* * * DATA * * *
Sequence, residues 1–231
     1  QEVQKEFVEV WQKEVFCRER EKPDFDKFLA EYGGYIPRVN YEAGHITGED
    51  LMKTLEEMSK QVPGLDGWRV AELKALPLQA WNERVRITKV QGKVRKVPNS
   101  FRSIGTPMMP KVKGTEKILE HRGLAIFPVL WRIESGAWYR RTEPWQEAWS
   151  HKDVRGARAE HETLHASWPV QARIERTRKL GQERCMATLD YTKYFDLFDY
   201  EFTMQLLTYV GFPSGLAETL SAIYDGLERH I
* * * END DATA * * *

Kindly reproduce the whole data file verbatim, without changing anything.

Sequence, residues 1–231
     1  QEVQKEFVEV WQKEVFCRER EKPDFDKFLA EYGGYIPRVN YEAGHITGED
    51  LMKTLEEMSK QVPGLDGWRV AELKALPLQA WNERVRITKV QGKVRKVPNS
   101  FRSIGTPMMP KVKGTEKILE HRGLAIFPVL WRIESGAWYR RTEPWQEAWS
   151  HKDVRGARAE HETLHASWPV QARIERTRKL GQERCMATLD YTKYFDLFDY
   201  EFTMQLLTYV GFPSGLAETL SAIYDGLERH I